Distorted Needles on Yews - Knowledgebase Question

Avatar for GCELL5252
Question by GCELL5252
January 17, 1998
I have several mature (approx 20' tall) Taxus yews. Both old and new needles are wilted or distorted. My local nursery diagnosed scale and mealy bugs. I applied the insecticides and horticultural oil as directed last summer, and fertilized the trees.

Answer from NGA
January 17, 1998
The word "distorted" sends me in a bit of a different direction. Generally, scale and mealy-bugs will not cause "distortion". So I have to wonder if you haven't gotten an infestation of a weevil, probably the Black Vine Weevil. With these guys the new shoots stop growing and turn yellow in midsummer. The tips droop looking a bit like a "shepherd's crook". In the fall and winter those shoots are brown and dry. If you look at a dead shoot it should contain small holes. Also, the bark has a white resin on it.

Black Vine Weevil (Otiorhynchus sulcatus), is a difficult pest to control. The weevils overwinter in debris at the base of the tree so be sure to use good "houskeeping techniques" and rake out and neaten up under your trees. Destroy all needles and branches you rake up, and any prunings.

There is a biological control that might help in your situation. The beneficial nematode "Steinernema carpocapsae" attacks soil-dwelling pests and may help reduce adult weevil populations. The product is mixed with water and used as a soil drench. It must be used when soil temperatures are above 55F. The product has a short shelf life, so get further information before purchasing. You can purchase it from Peaceful Valley Farm Supply, PO Box 2209, Grass Valley, CA, 95945, ph# 916-272-4769.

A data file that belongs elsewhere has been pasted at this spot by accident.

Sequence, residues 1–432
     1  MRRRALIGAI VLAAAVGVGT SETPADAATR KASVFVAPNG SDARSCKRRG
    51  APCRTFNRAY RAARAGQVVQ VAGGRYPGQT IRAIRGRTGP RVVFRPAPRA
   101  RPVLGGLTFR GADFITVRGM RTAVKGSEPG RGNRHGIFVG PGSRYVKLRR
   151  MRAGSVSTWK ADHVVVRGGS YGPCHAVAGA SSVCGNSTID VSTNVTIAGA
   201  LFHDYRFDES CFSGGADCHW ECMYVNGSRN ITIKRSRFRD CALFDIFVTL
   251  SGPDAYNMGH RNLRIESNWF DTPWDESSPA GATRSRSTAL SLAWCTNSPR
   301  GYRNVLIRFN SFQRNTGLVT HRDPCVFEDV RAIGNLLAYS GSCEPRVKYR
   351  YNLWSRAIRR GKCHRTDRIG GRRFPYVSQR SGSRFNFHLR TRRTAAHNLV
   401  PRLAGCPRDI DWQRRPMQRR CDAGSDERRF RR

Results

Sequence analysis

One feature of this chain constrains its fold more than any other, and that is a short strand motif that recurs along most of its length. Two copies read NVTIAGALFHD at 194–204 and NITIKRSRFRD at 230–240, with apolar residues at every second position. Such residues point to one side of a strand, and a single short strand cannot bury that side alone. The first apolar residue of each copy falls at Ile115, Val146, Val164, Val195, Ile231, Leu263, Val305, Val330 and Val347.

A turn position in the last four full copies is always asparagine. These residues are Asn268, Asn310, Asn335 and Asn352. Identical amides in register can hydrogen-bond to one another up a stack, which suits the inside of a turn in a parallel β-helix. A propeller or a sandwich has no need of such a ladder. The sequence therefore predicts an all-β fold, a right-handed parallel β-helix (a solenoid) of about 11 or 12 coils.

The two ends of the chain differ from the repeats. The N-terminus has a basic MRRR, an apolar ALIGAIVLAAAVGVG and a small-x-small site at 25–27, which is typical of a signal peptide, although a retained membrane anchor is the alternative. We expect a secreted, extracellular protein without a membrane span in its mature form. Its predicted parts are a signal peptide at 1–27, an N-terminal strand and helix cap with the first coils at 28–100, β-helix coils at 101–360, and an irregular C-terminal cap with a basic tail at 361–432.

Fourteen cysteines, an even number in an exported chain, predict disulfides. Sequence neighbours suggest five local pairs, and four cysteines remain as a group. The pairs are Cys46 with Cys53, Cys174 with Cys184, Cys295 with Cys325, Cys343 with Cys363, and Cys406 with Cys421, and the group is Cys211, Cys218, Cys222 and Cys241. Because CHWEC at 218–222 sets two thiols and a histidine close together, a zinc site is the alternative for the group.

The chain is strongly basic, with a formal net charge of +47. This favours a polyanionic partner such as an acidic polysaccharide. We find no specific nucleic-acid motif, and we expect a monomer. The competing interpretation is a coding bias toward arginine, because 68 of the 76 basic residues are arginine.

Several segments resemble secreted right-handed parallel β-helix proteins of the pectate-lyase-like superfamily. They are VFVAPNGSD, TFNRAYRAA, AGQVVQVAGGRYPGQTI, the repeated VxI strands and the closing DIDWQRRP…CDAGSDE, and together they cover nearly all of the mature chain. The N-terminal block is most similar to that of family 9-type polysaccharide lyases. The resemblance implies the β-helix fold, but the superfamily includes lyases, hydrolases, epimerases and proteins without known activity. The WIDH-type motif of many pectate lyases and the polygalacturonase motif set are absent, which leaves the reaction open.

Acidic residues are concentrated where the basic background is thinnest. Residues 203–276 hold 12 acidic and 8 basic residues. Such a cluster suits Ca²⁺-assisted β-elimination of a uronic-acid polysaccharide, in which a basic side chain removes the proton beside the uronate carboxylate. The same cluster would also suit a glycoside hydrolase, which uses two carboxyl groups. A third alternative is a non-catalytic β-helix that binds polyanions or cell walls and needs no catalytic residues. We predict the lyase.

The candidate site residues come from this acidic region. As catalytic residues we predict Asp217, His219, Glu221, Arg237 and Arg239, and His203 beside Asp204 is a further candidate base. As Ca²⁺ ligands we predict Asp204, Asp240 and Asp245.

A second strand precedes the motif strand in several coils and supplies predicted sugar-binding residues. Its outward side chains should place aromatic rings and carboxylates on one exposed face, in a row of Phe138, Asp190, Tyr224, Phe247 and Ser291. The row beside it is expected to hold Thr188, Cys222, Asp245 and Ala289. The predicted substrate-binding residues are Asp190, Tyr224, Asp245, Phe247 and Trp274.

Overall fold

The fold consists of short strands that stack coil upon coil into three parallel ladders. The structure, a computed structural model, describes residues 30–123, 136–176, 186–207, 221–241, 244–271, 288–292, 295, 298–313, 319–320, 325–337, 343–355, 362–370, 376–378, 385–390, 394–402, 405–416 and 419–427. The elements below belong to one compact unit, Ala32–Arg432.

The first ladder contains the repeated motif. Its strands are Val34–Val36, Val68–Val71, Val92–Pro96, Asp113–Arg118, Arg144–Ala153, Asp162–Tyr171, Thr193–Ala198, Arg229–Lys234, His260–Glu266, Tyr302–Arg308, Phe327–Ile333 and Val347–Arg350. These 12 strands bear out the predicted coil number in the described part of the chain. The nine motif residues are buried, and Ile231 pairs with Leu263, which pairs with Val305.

In late winter, prune out the affected branches and destroy them. Do NOT put them in your compost. Cut the branches back in such a way as to make your tree look balanced.

On a good note, weevils usually don't usually kill the entire tree, though they will cause damage to one- and two-year old wood. To be sure that this is the problem, you might want to bring an affected twig to your University Cooperative Extension agent for a definitive "diagnosis"! Without seeing the problem, it's difficult to give you a sure fire cure. Your Extension number is 516-454-0900.

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